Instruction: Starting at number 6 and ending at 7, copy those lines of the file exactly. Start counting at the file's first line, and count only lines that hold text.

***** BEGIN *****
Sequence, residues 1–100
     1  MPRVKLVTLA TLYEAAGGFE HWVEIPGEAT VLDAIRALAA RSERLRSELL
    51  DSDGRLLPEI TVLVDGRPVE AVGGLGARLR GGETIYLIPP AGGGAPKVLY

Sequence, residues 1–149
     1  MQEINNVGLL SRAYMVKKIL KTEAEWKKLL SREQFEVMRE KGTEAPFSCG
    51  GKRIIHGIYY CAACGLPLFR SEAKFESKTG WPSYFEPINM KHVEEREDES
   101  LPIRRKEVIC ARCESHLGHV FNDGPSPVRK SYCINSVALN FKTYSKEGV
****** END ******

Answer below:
    51  GKRIIHGIYY CAACGLPLFR SEAKFESKTG WPSYFEPINM KHVEEREDES
   101  LPIRRKEVIC ARCESHLGHV FNDGPSPVRK SYCINSVALN FKTYSKEGV